Every homeowner or renter should be aware of the presence of toxic chemicals when moving to a new home but some toxins are a lot harder to identify than others. Most people will tell you that there is nothing toxic about their home and to the average person they will be right but a closer look will reveal that the average household harbors a number of toxins. Keep reading to learn tips on how to spot what could be considered toxic in your home.
According to Barry Jones author of Home, Sweet Toxic Home, pollutants can be classified as three major categories Airborne, Biological and toxic. The first can be found in the form of small airborne particles from lint, human skin or dust mites. Airborne pollutants can cause serious health problems because they can travel far into the body via the lungs. The best defense against these types of pollutants is to dust regularly preferably using magnetic dust cloths. Keeping a clean filter in air-conditioning units can reduce the amount of dust particles that are inhaled on a regular basis. Cleaning ceiling fans and light fixtures can also keep these toxins at bay.
Biological pollutants are common in most homes and come from mold, pet dander and rodents. These types of pollutants enter the body either though airborne particles, skin contact or ingestion from spoiled food. To avoid biological pollutants it would be wise to make sure there are no sources of moisture accumulating in your home to prevent mold buildup. Regularly grooming your pets can greatly reduce the amount of pet dander you inhale. Setting aside a designated area that your pet is not allowed into such as a bedroom will ensure that you are not inhaling animal dander the whole time you are at home. Physical contact with pets that are allowed to go in and out of the house should be followed by disinfecting and changing your clothes to avoid carrying bacteria into other parts of your home.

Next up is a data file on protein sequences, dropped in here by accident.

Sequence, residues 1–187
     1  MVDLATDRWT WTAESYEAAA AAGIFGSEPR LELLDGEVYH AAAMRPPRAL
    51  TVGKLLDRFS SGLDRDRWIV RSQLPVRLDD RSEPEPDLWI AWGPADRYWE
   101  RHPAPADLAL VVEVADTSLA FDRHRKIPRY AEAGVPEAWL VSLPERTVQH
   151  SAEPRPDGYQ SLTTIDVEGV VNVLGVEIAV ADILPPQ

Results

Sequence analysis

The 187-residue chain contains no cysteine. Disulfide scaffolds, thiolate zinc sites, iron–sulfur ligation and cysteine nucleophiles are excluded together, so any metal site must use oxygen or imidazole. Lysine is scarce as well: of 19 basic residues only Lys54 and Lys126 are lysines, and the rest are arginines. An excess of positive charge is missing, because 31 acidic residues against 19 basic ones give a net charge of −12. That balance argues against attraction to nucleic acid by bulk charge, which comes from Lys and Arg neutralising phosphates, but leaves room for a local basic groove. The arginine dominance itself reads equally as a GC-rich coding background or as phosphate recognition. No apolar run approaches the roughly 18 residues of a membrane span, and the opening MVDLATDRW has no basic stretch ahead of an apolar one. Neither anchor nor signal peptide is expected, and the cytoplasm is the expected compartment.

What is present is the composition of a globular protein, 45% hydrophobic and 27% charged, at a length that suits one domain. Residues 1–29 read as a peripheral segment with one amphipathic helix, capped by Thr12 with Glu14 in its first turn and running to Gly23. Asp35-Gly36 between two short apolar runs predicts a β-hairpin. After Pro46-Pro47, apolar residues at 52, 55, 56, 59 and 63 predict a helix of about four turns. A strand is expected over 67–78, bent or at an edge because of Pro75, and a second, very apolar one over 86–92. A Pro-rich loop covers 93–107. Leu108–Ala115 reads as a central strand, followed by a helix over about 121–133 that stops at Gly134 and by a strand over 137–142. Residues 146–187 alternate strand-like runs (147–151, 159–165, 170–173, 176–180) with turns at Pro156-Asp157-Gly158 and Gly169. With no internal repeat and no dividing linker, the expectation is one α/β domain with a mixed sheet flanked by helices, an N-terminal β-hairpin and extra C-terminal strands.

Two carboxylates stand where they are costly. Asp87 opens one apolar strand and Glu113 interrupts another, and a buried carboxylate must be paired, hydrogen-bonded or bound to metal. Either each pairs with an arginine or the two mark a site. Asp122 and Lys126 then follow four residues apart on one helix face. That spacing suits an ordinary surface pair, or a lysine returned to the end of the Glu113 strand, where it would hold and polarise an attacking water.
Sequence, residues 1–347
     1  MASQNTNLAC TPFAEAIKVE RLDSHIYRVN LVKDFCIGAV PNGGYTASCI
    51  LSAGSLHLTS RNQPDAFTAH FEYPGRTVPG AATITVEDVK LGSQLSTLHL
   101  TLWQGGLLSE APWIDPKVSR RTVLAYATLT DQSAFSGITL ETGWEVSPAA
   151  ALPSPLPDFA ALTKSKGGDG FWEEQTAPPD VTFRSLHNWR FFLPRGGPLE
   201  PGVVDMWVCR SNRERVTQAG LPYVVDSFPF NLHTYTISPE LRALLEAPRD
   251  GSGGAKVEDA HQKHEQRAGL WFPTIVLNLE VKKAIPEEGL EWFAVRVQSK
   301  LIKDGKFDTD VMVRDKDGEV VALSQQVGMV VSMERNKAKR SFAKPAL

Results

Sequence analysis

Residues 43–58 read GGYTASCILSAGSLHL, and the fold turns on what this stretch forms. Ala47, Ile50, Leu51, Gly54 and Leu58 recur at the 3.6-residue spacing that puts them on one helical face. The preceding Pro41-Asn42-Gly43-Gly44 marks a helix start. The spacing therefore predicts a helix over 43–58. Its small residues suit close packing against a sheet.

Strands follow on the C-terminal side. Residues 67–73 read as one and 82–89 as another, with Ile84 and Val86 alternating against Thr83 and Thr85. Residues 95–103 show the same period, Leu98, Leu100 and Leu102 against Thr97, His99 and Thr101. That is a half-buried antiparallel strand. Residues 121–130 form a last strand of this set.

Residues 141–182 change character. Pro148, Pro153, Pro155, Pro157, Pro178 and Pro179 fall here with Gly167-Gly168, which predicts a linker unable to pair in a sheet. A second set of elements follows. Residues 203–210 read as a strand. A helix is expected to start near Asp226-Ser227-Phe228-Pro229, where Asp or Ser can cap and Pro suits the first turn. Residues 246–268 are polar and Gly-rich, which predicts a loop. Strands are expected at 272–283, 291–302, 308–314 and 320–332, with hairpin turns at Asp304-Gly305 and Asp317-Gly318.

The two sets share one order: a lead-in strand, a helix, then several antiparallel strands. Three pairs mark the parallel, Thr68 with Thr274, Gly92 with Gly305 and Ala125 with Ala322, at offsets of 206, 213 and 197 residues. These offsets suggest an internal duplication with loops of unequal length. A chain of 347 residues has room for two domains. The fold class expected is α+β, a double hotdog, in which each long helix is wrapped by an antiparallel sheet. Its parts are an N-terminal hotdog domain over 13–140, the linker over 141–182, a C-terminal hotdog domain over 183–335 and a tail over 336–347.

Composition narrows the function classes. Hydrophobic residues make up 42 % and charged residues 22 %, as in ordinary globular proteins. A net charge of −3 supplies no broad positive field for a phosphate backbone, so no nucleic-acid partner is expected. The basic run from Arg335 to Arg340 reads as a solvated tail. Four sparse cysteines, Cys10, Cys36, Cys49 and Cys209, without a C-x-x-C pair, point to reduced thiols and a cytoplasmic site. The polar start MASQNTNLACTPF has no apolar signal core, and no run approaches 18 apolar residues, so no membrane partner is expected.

Rodents can be especially tricky to get rid of but it is recommended that you call a qualified professional to take care of your rodent problem. If you suspect that you have a rodent problem it’s best to take care of it as soon as possible to prevent further infestation. Rodent feces can be toxic once dried and become like dust which is later be inhaled and can cause a Hantavirus infection. This disease can present itself as a dry cough, nausea or shallow breathe and eventually could lead to respiratory failure. Even if your home is free of rodents you may still be at risk of this virus through canned foods or soft drinks that have not been properly cleaned before being shipped to your local retailer. All canned goods should be cleaned with soap and water before consumption.
The third category can be found in household cleaning products that produce long lasting chemicals. Most bathroom cleaning detergents contain chlorine that can become active when in contact with hot water during showers. New carpeting can also pose a threat because some glue used to secure carpet contains carcinogen benzene which can cause cancer. It is best to be familiar with the chemical properties of household cleaning products. The average home can contain a number of these pollutants but if you take the time to learn how to identify these threats you have no need to fear these unknown toxin.